Thursday, 31 October 2013

Jargon Jargon Jargon

So for those new to nursing lets help you dissect some of those confusing jargon's, abbreviations & other technical bits that seem to get used a never ending amount!

With regards to medication, does anyone else get confused with generic names and trade names?
In a nut shell generic names are the names given to the active ingredient of the drug where as branded/trade names is the name the manufacturer has given to the drug.

  • Take Rimadyl for instance, its a form of anti-inflammatory called Carprofen. However so is Carprieve, & others brands like Imafen™. Quite the mind field isn't it, and extra hard when your starting out. So its really important to familiarise yourself with as many common generic and trade names.


So some medicine abbreviations:

SID = Once a day
BID = Twice a day
TID = Three times a day
q4hrs = Every 4 hrs (q = every)
PRN = As required or when its needed (pro re nata)
NPO = Nil by mouth (Nil per Os) so prior to surgery etc.



Those are probably the most common used every day ones that you need to get your head around.

Handy Hint time:

Do you ever no matter how much you do to avoid it still get air bubble in your syringe of medication? This happens to all of us, I find the worse for it is Rimadyl & Propofol . For starters after you've drawn up what you think is about the right above pull your needle & syringe out of the bottle and draw back further on the plunger. Then push the plunger back slowly towards the needle this should help. For those syringes that are off centre (this makes it easier) after removing again from the bottle when you push back towards the needle simply rotate the syringe to help the air bubble pass through the correct side of the syringe. And people if all else fails and you still cant get rid of the bubbles, draw back again and give the syringe a couple of good flicks of the wrist! Seriously don't believe me try it, none of this flicking your finger & tapping the syringe business no just literally keep flicking the syringe using your wrist action and the bubbles will disappear *may take more than two flicks and you may look like a crazy psycho wielding a syringe & needle.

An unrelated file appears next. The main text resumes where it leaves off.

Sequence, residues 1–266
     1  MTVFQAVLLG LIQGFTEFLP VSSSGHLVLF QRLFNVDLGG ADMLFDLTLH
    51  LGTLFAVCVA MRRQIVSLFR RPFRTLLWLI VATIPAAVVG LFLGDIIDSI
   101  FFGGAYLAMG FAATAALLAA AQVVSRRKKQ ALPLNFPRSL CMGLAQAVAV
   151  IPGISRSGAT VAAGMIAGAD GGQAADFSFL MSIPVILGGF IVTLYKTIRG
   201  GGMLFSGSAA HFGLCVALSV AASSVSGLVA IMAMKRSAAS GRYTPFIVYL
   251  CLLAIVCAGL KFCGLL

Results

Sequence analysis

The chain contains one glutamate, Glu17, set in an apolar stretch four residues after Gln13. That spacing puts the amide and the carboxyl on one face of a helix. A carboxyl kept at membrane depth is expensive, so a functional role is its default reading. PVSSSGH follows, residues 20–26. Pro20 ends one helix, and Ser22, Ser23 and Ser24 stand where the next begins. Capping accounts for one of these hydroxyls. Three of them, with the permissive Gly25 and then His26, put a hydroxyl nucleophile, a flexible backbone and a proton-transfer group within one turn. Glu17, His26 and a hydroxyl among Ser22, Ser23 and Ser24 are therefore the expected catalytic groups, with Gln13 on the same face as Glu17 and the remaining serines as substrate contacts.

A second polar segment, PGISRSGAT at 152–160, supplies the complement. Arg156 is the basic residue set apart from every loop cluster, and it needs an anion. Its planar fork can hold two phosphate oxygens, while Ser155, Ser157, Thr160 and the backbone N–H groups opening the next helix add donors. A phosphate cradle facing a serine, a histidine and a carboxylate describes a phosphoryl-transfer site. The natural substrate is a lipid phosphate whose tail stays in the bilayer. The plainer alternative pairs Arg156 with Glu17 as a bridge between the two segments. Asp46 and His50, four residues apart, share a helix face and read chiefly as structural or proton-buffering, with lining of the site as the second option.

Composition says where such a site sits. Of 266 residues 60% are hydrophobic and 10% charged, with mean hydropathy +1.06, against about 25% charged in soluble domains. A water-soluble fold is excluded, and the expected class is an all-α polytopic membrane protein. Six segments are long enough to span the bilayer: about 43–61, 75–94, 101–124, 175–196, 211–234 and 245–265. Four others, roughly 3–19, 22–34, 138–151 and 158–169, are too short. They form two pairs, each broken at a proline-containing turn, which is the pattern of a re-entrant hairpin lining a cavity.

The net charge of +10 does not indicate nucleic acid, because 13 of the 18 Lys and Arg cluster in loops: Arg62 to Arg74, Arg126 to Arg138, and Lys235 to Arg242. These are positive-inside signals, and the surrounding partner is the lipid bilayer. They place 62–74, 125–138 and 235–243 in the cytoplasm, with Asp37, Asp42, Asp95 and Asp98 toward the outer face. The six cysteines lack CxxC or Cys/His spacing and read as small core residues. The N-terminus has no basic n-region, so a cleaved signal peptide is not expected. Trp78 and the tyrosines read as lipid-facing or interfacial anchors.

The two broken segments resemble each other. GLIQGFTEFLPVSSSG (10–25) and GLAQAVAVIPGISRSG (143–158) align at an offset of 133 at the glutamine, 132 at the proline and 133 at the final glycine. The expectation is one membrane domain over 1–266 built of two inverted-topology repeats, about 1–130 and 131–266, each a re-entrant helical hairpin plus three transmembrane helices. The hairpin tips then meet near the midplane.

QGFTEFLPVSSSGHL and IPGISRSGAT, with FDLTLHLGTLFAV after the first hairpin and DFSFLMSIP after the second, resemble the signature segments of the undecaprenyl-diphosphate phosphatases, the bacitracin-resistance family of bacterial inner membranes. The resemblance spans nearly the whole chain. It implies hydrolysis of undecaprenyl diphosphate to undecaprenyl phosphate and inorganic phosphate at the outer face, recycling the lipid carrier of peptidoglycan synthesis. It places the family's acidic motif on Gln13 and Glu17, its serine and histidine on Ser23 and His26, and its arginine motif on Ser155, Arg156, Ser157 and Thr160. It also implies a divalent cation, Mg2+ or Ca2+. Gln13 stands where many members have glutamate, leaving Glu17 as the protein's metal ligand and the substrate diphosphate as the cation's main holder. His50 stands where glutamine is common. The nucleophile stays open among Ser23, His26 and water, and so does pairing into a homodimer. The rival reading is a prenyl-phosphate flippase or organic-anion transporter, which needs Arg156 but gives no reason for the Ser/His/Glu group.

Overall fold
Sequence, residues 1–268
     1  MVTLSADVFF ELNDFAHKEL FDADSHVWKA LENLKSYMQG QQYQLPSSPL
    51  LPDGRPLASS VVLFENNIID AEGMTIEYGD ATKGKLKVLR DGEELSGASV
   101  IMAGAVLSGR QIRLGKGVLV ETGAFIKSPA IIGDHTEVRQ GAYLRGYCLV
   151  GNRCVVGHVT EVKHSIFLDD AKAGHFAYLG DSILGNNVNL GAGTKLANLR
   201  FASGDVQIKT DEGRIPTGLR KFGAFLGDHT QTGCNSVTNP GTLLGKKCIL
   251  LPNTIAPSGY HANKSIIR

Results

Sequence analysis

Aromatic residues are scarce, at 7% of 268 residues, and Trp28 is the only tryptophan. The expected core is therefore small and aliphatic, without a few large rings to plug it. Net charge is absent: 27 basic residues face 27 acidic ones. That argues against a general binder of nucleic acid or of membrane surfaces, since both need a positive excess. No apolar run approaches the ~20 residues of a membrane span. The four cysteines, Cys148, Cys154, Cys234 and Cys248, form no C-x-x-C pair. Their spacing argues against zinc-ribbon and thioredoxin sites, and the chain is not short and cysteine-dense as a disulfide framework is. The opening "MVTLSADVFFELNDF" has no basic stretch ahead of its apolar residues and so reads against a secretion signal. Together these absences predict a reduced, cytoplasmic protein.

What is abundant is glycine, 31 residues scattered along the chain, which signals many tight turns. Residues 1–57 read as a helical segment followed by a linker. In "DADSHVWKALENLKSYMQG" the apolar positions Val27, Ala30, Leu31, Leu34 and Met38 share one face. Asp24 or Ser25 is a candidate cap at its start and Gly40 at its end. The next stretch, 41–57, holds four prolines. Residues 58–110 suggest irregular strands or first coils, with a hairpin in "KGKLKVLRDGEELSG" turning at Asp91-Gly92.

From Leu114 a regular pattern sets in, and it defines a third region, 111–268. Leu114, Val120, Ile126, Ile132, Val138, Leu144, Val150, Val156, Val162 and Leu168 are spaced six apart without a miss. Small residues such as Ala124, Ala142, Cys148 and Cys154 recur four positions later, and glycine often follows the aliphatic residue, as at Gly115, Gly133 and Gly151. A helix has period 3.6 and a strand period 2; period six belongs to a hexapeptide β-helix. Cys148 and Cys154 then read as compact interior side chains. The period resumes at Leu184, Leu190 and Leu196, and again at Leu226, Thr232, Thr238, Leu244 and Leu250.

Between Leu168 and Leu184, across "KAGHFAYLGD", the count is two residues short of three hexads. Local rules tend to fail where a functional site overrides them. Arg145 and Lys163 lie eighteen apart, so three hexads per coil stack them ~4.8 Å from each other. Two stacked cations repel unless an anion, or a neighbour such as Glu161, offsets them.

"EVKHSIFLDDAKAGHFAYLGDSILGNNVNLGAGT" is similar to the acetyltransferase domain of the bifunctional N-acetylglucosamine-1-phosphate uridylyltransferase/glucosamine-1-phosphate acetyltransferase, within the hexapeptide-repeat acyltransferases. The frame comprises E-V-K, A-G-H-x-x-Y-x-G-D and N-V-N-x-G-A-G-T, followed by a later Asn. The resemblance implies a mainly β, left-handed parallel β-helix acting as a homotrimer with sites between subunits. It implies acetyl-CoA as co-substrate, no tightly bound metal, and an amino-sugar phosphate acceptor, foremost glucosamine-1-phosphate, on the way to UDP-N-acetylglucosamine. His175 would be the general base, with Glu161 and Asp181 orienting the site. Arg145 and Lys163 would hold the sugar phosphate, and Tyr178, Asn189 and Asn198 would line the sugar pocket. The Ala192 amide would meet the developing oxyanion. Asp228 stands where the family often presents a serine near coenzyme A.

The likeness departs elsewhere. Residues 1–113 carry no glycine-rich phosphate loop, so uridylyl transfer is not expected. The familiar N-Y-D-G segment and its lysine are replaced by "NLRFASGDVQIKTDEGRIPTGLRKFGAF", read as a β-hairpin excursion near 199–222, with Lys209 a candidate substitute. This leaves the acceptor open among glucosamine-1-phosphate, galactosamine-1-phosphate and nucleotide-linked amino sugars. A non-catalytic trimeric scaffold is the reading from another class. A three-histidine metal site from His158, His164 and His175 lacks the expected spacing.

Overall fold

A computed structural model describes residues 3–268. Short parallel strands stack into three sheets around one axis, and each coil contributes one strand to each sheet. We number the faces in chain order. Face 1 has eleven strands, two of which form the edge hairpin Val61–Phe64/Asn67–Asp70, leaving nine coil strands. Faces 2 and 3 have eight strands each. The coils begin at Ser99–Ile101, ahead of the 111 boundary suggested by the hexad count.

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3 comments:

  1. Hi Im aspiring to join this profession, however I am worried I won't be able to cope , I have never really been in any high pressure situations to asses whether I would thrive or fail, I can't see myself doing anything else in the future

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  2. Hi Clare,
    Thanks for your comment, my only real advice is to get as much experience prior to taking the leap into the profession as you can. Best way is to either do work experience or volunteer at your local practice & really get involved. By which I mean don't just be content with cleaning but throw yourself into it, ask what you can do to help. A busier hospital environment would be your best bet for a more rounded view of the profession :)

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    Replies
    1. Thanks so much, I will definitely get stuck in to any experience I get !

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